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Why there's still a case for special treatment

Disabled pupils deserve to be able to choose to have their needs met in a mainstream school or not, writes Colin Low.

I was once described as a "young Turk for integration" - what would today be called "inclusion" - the education of disabled children in mainstream schools. In those days, the 1970s, nearly all blind children went to special schools and we wanted to see a mainstream option. Our campaign was very contentious and it was argued that there should be a choice. As we saw it then the choice argument pointed to opening up the mainstream option.

Today, the argument for inclusion has been won. Inclusion is now the placement of choice. Local authorities can only resist inclusion if it is incompatible with educating other children. The efficient use of public resources and the needs of the child in question now no longer count.

The case for choice now is about retaining a special school option. Mary Warnock, whose 1978 report is credited with inspiring the revolution in thinking about special education, has called for a re-evaluation, and the Conservative party has indicated its support. Inclusion's supporters are annoyed that this will halt the steady progress to the full inclusion of all disabled children in mainstream schools. They complain that Baroness Warnock is seeking to put the clock back. But isn't the pro-inclusion lobby forcing the issue by pressing for abolition of special schools?

The supporters of inclusion have a number of points in their favour.

Special schools can have a segregating effect and may foster the perception that disabled children are different. The supporters of inclusion maintain that special schools are wrong in principle and that arguments about efficacy are beside the point.

This would be all very well if ordinary schools could meet everyone's needs, but it is plain that they cannot, or at any rate not yet. Don't get me wrong: I am in favour of inclusion being the placement of choice for the majority of disabled children and of our mainstream education system being progressively geared up to meet their needs. But we haven't got there yet, and for as long as we haven't, it will still be necessary to keep in place a specialist option for those whose needs a still very patchy system of inclusive education cannot yet meet. And there is another group for whom it will be necessary to keep special schools in place - those with profound and multiple learning difficulties who require one-to-one attention from specialised staff.

I see this for myself as a member of the special educational needs and disability tribunal which hears appeals from parents unhappy about the provision being made for their children. Twice as many parents are appealing because they want their child to have a special school place.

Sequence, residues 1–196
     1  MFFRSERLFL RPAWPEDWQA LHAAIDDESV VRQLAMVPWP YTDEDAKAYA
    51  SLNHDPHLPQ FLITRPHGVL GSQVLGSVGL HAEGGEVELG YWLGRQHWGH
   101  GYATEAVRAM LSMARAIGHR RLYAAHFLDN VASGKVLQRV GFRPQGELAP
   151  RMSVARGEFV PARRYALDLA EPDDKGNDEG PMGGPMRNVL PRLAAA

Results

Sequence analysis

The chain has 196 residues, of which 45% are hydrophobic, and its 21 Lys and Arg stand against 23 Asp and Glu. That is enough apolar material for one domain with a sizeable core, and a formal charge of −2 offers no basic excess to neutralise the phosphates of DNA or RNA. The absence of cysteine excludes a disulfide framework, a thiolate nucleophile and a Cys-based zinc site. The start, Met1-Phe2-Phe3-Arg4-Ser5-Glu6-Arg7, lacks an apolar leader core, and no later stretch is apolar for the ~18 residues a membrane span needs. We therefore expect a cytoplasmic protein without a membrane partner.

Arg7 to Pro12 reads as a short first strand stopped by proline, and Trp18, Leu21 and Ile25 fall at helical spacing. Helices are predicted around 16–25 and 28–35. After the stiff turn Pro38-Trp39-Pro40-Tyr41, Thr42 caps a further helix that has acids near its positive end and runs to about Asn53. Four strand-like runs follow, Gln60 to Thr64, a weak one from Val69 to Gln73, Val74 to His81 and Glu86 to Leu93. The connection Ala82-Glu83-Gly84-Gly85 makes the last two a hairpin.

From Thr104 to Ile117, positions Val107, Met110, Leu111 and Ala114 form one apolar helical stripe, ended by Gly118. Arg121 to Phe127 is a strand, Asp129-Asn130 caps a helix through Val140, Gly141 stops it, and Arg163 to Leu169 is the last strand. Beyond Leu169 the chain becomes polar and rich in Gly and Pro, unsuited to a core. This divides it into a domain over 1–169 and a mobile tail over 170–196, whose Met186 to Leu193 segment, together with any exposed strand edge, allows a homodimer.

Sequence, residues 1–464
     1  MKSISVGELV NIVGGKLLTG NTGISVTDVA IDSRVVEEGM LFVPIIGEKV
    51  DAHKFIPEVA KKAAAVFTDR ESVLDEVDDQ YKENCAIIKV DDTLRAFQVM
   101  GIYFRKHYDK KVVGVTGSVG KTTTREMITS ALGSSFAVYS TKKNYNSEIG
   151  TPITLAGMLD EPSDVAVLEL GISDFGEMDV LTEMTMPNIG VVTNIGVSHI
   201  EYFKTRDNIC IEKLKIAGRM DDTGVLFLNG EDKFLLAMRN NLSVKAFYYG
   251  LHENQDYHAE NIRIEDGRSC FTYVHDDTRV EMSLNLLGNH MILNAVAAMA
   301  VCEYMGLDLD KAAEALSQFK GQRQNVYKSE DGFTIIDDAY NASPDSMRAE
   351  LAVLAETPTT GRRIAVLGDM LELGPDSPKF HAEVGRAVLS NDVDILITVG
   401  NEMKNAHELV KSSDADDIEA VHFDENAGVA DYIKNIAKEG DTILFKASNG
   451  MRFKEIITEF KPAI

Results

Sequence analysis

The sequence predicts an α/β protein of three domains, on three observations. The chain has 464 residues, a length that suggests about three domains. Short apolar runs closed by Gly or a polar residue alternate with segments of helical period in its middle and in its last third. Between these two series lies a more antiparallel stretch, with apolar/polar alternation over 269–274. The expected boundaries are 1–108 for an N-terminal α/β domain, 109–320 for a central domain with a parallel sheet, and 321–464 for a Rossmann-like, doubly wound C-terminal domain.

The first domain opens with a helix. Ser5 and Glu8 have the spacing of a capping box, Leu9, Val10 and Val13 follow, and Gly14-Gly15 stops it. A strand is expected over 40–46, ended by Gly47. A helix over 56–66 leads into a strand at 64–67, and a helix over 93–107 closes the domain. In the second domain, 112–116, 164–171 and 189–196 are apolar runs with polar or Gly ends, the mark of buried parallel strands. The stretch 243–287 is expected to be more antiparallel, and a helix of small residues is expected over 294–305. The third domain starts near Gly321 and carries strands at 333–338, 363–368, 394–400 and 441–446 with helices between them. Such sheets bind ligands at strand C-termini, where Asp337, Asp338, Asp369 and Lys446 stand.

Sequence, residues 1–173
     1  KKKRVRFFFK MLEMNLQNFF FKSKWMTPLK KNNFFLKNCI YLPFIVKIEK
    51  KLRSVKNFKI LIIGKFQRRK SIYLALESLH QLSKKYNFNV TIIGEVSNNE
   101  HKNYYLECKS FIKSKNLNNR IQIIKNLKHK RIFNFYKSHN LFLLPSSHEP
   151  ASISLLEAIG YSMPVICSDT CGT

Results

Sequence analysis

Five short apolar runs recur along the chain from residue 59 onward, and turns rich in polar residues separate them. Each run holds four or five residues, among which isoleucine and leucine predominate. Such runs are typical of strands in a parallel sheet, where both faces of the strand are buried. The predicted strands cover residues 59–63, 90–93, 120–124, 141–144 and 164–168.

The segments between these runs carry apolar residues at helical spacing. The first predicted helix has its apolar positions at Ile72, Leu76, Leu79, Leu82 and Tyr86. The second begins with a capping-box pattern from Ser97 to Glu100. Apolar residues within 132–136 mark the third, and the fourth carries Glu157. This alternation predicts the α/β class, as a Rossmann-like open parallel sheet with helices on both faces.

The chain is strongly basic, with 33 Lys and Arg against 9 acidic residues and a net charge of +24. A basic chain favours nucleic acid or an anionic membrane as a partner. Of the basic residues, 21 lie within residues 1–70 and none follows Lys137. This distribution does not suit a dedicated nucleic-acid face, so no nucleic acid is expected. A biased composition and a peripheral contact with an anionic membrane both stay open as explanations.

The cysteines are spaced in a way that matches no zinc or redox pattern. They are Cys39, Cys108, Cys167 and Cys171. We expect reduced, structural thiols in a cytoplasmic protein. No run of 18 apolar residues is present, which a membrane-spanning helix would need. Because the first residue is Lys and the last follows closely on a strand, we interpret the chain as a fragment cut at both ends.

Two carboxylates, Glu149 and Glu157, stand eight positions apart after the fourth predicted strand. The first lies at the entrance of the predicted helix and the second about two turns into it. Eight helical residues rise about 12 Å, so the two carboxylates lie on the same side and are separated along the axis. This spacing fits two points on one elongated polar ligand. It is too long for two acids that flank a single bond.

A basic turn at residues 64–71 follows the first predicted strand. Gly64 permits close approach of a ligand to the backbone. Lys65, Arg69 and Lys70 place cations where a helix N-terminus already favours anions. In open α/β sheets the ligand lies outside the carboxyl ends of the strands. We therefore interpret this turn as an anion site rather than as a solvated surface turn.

I was once asked "How does the tribunal operate? Is it for special schools or inclusion?" It really doesn't work like that. The tribunal makes a careful assessment, based on the evidence before it, of the needs of the particular child and what provision can best meet those needs. Whether it is inclusive or special doesn't come into it.

Some of the arguments put forward by the advocates of total inclusion are tendentious, disingenuous or plain wrong. They say that disabled people will tell you that they felt oppressed by their special school. Well some will and some won't.

They say every type of disability can be successfully catered for in a mainstream setting. That may be so, but the existence of isolated examples of inclusion is a far cry from the generality of schools being geared up to cater for the full range of disabilities.

I have heard one inclusionist argue that if you imagine two schools alongside one another - one called mainstream and the other called special - it is impossible to distinguish between them in terms of what they do and what they can provide. But that is not true. There is all the difference in the world in terms of numbers in class, staffpupil ratios, specialist expertise and the availability of ancillary services.

For much of the time, alas, the field of special education is bedevilled by dogma. For a long time this asserted that disabled children could only thrive in special schools.

For the past 25 years however, in the wake of the Warnock report, the field has been blessedly free from dogma. A settlement has been arrived at based upon a mixed economy of provision which acknowledges a decisive shift towards inclusion, with progressive re-engineering of the system to support inclusion as the goal, but with a place reserved for specialist provision for those whose needs cannot be met in the mainstream. It is a matter of regret that this enlightened settlement is being put at risk by dogmatic challenges from those whose monolithic prescriptions of inclusion pay little regard to the needs of the children concerned.

Colin Low is chairman of the Royal National Institute of the Blind

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